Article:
By Yvonne E Mwende
Violence destroys lives. Globally, one in five women reports being sexually abused as a child; one in three women has been a victim of physical or sexual violence by an intimate partner at some point in her lifetime, this according to the Global status report on violence prevention 2014. Furthermore, one in six men has been abused as a child.
Children and women suffer profound consequences of violence, beyond death. Its outcomes have catastrophic repercussions, contributing to lifelong ill health, depression, suicide, leads to alcohol and drug addiction, school drop-outs, unemployment and recurrent relationship difficulties. Moreover, in crisis and conflict-affected countries, violence can hamper recovery and development efforts by exacerbating societal divisions, perpetuating crime, and in some cases leading to the recurrence of wars.
Violence in children causes stress that is associated with disruption in early brain development. Extreme stress can impair the development of the nervous and immune systems. Consequently, many leading causes of death such as heart disease, stroke, cancer and HIV/AIDS are the result of victims of violence adopting behaviors such as smoking, alcohol and drug misuse, and unsafe sex in an effort to cope with the psychological impact of violence.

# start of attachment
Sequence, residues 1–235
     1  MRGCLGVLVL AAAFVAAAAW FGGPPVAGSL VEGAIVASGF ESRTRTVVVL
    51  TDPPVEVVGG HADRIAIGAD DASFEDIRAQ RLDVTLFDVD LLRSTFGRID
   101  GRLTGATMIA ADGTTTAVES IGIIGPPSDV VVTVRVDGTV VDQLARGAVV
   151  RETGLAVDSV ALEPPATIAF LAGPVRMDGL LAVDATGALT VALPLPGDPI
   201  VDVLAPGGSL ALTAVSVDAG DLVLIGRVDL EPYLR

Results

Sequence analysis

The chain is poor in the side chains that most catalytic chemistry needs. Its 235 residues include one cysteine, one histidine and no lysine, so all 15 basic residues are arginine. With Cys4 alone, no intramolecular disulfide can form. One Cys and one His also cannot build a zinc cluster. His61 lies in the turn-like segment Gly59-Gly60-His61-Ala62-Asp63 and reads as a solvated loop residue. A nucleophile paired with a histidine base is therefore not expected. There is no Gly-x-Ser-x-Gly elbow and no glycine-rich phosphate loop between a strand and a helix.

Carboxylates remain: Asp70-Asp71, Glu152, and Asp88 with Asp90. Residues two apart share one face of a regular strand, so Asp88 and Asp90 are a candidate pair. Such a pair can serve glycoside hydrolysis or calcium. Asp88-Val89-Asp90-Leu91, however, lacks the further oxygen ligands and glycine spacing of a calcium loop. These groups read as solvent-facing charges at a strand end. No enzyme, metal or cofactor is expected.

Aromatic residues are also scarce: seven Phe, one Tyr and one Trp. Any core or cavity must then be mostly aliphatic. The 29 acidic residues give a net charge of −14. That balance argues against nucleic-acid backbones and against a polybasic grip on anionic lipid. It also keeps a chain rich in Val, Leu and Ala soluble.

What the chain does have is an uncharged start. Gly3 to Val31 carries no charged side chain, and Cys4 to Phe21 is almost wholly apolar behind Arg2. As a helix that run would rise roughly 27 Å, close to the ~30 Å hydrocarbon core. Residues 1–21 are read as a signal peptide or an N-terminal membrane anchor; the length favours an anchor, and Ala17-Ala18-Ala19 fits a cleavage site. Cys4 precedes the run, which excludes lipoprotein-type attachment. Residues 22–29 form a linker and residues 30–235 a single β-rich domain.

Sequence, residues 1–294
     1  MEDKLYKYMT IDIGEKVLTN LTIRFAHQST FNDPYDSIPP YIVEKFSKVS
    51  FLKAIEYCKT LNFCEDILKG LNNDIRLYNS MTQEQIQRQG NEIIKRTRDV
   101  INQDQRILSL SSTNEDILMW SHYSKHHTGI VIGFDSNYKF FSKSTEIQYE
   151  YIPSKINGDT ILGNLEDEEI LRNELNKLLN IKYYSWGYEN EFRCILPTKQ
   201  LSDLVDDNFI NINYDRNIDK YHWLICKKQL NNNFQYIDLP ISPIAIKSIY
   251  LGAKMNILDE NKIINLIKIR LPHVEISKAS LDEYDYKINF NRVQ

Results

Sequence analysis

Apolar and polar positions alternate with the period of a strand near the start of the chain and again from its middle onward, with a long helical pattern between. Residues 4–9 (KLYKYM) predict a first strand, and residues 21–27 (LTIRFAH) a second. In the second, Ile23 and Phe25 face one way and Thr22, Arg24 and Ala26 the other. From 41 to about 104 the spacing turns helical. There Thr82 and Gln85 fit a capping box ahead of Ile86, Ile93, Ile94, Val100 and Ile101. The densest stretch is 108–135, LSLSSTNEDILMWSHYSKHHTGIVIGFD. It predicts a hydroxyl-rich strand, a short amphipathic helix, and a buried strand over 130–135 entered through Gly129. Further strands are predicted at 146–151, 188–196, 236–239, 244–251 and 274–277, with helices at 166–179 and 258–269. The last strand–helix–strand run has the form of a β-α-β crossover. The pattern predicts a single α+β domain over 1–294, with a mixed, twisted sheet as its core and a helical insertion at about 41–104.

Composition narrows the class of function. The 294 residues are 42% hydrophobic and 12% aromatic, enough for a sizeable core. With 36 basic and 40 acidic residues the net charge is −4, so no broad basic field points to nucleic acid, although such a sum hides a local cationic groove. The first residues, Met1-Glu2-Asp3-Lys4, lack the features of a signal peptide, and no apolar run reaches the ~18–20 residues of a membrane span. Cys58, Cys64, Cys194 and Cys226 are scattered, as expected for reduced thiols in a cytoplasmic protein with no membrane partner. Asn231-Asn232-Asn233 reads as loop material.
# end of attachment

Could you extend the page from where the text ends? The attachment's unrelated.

Although Gender Based Violence (GBV) affects both men and women, it disproportionally affects women and girls more. For instance, sexual violence against women and girls can lead to unintended pregnancies, unsafe abortions, gynecological problems and sexually transmitted infections, including HIV. Women who have experienced non-partner sexual violence are 2.3 times more likely to have alcohol use disorders and 2.6 times more likely to have depression or anxiety than women who have not.
Growing scientific research demonstrates that violence is preventable. The World Health Organization (WHO) and its partners identified strategies focusing on preventing violence and focusing on response efforts, based on systematic reviews of the scientific evidence for prevention. They ascertain that these strategies can potentially reduce multiple types of violence and help decrease the likelihood of individuals perpetrating violence or becoming victims. Two of the strategies correspond with I Am My Bodyguard’s key mandate of giving all children and women the ability to protect themselves against all types of violence including gender-based sexual violence. The strategies are: developing life skills in children and adolescents; and victim identification, care and support programs.
I Am My Bodyguard, a global foundation based in Kenya is dedicated to giving all children and women a fighting chance. We offer a great opportunity to support children and women’s well-being, since we acknowledge that violence hinders women’s access, benefit, and contribution to development by restricting their choices and limiting their ability to act. Gender-based sexual violence is a violation of human rights and addressing it is central to development and key to achieving development outcomes.
We therefore, ask you to get involved to give children, and women a fighting chance by teaching them valuable personal life skills that will make them more aware of their environment. If you wish to make an impact, please pick a cause and partner with us. We value your support.